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March 2012 | Vol. XI - No. 3
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Toy Industry Experts: What Lies Ahead in 2012

Lutz Muller and Reyne Rice examine business and product trends for 2012


Toy Fair may be over, but 2012 is just getting started. That's why TDmonthly Magazine consulted two industry experts on what to expect, business wise and product wise, in the coming year.

Toy industry analyst Lutz Muller got the scoop on Toy Fair 2012 from two national toy buyers at very large toy retailers. He has generously shared their insights and opinions on the mass-market companies' business outlook for 2012 with TDmonthly:

1. The Skylanders videogame showed that there is a synergy between toys and digital games. What the toy manufacturers – notably Mattel and Hasbro – tried to do was to preempt this. In so doing, Mattel was successful with their Apptivity range because they were cohesive and consistent; Hasbro's attempts were less so. However, neither buyer thinks that the Apptivity range, or Hasbro's zAPPED entry, will have a major influence on either companies' sales. However, indirectly, they may well have a positive influence on toy sales by the retailers selling products from the brands that have been "apped".

2. Hasbro's deal with Zynga is, too, of relatively little consequence. My best guess is that Hasbro will add about $70 million to their tip line by Year 3 (which may sound a lot, but that represents a mere 1.75% of Hasbro's $4 billion sales). There is considerable conflict in the U.S. (where Hasbro has the Zynga license) between Scrabble and Zynga’s Words with Friends app. However, there is no conflict internationally, as Mattel holds the Scrabble license there.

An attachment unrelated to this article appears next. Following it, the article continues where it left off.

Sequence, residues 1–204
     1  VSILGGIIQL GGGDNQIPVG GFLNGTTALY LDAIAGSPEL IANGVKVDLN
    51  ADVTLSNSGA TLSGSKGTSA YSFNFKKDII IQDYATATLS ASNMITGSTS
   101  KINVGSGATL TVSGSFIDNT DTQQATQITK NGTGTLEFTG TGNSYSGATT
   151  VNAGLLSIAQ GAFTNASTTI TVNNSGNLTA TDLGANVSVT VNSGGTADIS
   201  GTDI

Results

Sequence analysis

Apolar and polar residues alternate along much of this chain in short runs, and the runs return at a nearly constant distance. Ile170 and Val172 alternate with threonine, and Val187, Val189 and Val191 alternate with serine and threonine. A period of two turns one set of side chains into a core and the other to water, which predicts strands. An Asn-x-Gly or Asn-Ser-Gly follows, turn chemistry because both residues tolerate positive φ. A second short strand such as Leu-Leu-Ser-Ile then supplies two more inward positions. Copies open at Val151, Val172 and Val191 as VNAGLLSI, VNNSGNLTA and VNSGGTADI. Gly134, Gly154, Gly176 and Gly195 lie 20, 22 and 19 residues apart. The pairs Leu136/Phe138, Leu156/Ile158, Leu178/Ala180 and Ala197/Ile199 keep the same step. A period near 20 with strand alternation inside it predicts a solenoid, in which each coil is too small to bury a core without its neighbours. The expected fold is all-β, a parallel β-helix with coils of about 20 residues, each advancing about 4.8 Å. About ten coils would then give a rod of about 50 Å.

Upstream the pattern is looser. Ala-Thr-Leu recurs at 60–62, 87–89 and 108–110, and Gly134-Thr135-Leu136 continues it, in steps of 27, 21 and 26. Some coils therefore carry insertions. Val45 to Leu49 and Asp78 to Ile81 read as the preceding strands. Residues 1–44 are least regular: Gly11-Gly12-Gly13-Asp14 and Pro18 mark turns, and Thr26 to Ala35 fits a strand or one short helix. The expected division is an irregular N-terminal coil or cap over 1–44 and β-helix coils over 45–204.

3. Mattel is focusing its offerings on licensed Batman, Brave, and Monsters products, and does an excellent job there. Interesting at what is not prominent – Barbie, Thomas, and preschool movie properties (Madagascar, Nemo, Ice Age).

4. Hasbro's main focus is on movie-related action figures, other licensed toys, and Girls. Nice line extenders for Beyblades and Nerf. Very little on board games and preschool (other than Sesame Street).

5. Jakks Pacific has an astonishing number of Disney licenses including some "owned" by Hasbro and Mattel - Star Wars, Batman, Men in Black, Spiderman and Avengers. Both buyers thought that Jakks' line-up this year was streets better than what they had seen in the past five years. The buyers were very impressed with the new Monsuno range and what they had seen of the TV series; they think that the range will do very well.

As always, there is no way of knowing what will be the break-through products this year - the "ZhuZhu pets". The opinion of the two buyers today is that they have seen nothing in the lineup of the three major manufacturers that suggests that there is one such toy amongst the products they were shown.

Read more articles by Lutz Muller here

Reyne Rice, toy industry trend expert, was at the Toy Fair, and she weighed in on the different toy trends that were most prevalent at the show in an interview with TDmonthly:

Q. What are the top trends you are seeing this year?